1—My family, clan, or tribe is the most important thing in my life, even when they are far from me.
2—An injury to the unspoiled wilderness of my home is an injury to me.
3—I will bring terrible wrath down on the evildoers who destroyed my homeland.
4—I am the last of my tribe, and it is up to me to ensure their names enter legend.
5—I suffer awful visions of a coming disaster and will do anything to prevent it.
6—It is my duty to provide children to sustain my tribe.
1—I am too enamored of ale, wine, and other intoxicants.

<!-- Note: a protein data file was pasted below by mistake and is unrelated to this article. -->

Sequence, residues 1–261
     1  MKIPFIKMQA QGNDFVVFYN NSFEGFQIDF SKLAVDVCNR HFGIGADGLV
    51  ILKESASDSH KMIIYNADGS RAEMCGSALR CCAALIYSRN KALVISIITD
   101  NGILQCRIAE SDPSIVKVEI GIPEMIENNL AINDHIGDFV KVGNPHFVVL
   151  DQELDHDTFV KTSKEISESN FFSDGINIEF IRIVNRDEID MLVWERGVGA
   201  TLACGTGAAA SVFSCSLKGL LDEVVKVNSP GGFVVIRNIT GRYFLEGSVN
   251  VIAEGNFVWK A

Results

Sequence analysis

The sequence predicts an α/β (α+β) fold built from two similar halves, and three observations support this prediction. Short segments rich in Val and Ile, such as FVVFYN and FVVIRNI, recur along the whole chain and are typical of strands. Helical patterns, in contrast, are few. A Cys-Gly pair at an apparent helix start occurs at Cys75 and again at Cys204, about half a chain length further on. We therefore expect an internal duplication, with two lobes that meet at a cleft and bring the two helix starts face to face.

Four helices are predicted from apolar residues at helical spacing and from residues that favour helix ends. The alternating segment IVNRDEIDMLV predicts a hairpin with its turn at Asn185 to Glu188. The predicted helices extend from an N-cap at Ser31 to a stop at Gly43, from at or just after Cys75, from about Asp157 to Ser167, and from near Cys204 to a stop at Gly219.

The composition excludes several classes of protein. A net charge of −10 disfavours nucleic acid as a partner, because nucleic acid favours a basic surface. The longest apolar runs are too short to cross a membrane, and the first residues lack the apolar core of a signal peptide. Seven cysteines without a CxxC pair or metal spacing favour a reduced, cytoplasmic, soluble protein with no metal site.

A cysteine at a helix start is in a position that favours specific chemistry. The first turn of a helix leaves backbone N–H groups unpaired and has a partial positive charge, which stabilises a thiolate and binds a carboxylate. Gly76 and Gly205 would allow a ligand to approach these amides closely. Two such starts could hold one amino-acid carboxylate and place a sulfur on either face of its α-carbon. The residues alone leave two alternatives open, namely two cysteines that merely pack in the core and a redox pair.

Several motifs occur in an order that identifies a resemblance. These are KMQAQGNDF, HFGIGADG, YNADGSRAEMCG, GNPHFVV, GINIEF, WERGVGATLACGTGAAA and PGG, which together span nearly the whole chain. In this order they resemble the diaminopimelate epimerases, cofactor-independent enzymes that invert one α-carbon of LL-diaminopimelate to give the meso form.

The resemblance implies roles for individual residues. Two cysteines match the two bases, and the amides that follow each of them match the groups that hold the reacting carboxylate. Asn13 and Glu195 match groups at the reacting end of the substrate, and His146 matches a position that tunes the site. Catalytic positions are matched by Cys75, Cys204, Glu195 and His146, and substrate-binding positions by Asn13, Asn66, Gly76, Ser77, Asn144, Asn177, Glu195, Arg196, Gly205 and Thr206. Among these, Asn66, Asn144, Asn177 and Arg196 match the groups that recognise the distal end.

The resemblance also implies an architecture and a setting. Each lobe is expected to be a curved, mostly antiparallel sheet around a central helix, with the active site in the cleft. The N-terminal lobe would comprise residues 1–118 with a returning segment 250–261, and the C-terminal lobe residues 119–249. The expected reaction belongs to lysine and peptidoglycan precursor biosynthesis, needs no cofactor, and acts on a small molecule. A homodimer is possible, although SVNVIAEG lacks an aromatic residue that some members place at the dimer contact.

2—There’s no room for caution in a life lived to the fullest.
3—I remember every insult I’ve received and nurse a silent resentment toward anyone who’s ever wronged me.
4—I am slow to trust members of other races, tribes, and societies.
5—Violence is my answer to almost any challenge.
6—Don’t expect me to save those who can’t save themselves. It is nature’s way that the strong thrive and the weak perish.
Outlander Background 5e Feature: Wanderer
While city folk learn to memorize the many streets and neighborhoods around them, the wilderness trained you to have an excellent memory and pay closer attention to detail. Your life in the untamed wild depended on it. You remember every bend of a stream, branch of a tree, and subtle changes in elevation. You know the plants, trees, fields, hills, and mountains because of how they connect to one another, not because they are labeled for your navigational convenience.